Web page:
The guilds emerged in the Netherlandish townships of the 14th century. Their purpose was to prevent ruinous competition, to guarantee high standards of workmanship and represent the interests of craftsmen. Thus goldsmiths were required to work at an open window but forbidden — according to a 14th-century Netherlandish document — to draw attention to themselves or canvass custom by "sneezing or sniffling". They were also bound to confine their business practice to one place. Each guild had its own religious superstructure with a patron saint and, if wealthy enough, an altar or chapel of its own.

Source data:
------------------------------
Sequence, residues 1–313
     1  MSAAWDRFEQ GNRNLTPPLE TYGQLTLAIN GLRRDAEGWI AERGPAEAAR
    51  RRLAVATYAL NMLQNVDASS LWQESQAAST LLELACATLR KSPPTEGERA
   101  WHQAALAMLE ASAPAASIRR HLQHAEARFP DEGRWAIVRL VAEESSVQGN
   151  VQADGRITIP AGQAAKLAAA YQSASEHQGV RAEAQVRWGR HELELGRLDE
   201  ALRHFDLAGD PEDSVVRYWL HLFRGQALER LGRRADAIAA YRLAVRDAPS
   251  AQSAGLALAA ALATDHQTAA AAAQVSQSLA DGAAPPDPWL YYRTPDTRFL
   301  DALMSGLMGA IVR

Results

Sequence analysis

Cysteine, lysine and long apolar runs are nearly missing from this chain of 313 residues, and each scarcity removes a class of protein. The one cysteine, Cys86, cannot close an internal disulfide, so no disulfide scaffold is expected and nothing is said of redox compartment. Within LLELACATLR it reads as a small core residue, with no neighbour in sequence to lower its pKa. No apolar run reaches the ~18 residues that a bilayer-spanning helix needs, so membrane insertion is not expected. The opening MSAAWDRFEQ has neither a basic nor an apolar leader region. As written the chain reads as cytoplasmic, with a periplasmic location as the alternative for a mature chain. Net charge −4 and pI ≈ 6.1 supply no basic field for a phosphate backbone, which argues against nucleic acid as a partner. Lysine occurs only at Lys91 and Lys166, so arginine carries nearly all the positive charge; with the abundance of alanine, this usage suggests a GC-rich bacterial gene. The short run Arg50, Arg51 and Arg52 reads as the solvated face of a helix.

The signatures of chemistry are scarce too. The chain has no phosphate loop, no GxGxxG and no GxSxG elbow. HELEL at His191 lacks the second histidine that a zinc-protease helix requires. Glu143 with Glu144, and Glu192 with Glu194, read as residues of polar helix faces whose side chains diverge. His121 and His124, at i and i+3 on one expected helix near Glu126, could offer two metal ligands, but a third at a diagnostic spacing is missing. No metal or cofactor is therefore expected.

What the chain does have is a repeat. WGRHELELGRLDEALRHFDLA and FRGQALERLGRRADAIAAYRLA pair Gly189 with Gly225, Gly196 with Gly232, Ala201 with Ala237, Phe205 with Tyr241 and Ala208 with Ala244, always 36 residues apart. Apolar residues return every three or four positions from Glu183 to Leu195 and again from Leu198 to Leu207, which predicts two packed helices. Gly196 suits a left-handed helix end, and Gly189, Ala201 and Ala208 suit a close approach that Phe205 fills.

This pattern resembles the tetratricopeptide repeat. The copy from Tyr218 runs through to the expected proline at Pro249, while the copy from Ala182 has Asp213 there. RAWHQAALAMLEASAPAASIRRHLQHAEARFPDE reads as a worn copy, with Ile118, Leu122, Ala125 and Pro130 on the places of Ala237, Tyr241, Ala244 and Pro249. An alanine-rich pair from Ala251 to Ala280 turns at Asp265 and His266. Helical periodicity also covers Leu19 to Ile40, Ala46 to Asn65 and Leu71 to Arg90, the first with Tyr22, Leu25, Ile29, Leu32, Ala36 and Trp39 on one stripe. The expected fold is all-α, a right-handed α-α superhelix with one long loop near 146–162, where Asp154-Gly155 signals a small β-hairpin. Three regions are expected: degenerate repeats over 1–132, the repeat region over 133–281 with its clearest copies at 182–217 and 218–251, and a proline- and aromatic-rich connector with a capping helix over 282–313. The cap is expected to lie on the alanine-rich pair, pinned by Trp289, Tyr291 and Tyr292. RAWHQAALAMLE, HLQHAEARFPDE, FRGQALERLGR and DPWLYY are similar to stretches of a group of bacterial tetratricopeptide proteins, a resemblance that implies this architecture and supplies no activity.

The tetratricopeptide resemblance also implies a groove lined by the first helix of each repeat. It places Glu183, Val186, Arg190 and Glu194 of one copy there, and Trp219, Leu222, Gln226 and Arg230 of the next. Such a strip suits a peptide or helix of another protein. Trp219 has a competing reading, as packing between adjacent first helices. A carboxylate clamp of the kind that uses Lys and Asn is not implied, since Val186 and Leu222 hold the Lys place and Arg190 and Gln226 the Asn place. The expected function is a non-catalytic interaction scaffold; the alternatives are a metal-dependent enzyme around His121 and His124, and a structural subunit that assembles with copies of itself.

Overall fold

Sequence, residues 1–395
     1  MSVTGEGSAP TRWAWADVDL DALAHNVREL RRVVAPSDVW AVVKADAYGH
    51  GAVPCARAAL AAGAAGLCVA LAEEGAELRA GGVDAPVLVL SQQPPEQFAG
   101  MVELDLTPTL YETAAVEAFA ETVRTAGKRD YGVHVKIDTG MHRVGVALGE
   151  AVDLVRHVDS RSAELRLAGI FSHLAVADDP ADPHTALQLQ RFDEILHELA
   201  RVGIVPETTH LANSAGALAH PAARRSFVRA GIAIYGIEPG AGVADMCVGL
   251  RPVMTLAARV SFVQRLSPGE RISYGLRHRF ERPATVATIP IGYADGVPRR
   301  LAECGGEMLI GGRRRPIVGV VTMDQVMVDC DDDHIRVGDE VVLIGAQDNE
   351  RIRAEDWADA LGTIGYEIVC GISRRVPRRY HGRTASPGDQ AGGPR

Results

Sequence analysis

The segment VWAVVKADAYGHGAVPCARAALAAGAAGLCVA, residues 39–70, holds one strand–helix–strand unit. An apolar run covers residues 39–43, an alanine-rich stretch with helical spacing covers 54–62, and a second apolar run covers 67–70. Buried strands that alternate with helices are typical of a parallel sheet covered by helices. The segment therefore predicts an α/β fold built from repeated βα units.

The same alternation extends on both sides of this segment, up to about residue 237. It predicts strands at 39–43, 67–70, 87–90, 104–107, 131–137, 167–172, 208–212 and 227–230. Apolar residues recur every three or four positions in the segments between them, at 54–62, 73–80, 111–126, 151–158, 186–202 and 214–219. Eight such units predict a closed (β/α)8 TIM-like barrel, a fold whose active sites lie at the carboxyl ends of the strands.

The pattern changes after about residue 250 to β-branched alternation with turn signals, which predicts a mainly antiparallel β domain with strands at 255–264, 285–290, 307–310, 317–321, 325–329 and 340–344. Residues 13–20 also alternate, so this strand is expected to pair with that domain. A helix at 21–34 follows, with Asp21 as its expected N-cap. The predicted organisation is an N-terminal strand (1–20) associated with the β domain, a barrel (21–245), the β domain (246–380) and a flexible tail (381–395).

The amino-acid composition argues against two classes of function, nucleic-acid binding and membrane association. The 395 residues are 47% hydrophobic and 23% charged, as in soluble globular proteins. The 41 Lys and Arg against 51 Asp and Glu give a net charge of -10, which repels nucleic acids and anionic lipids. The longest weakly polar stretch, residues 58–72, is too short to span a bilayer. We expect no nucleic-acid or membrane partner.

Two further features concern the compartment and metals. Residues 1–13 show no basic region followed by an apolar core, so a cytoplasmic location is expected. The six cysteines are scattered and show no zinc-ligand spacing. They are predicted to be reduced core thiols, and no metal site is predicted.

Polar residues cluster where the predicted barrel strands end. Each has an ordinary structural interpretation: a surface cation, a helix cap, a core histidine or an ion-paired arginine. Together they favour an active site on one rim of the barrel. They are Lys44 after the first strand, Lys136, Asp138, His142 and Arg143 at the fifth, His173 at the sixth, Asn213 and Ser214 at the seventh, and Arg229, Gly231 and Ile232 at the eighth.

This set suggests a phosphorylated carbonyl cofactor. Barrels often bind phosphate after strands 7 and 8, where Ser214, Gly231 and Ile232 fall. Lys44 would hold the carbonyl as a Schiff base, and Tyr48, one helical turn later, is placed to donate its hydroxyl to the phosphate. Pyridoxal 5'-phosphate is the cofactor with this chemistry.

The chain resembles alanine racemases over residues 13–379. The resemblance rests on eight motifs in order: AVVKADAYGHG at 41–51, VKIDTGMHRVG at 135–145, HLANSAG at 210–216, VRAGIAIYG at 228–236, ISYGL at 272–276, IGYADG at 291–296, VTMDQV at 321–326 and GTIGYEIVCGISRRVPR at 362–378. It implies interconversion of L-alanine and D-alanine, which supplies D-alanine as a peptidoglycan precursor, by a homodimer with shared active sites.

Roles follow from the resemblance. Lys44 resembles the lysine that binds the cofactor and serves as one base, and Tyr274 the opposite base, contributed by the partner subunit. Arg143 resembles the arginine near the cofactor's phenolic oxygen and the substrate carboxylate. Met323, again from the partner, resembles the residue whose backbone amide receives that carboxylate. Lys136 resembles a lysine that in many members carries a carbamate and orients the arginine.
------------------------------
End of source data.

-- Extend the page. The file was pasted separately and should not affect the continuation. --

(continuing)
The medieval guilds of Bruges, like those of other towns, made a decisive contribution to the city's rise and fall. Originally progressive associations became clubs for the defence of privilege. Closing their ranks to new members and new methods of production, they constantly quarrelled with other guilds and thus were responsible for sapping the strength of the citizens' council, which, in turn, made it easier for the Dukes of Burgundy to bind the townsfolk to their will. When a revolt against the Duke's policies failed in 1436/37, the citizens were forced to beg on their knees for forgiveness.
By 1494, half a century after Petrus Christus painted his portrait of St. Eligius, "trade in Bruges had come to a standstill". Some 4000 to 5000 houses were left behind - "empty, locked up or ruined". The merchants and bankers moved to the more flexible town of Antwerp, where medieval guild regulations were no longer applied in quite such a narrow-minded manner.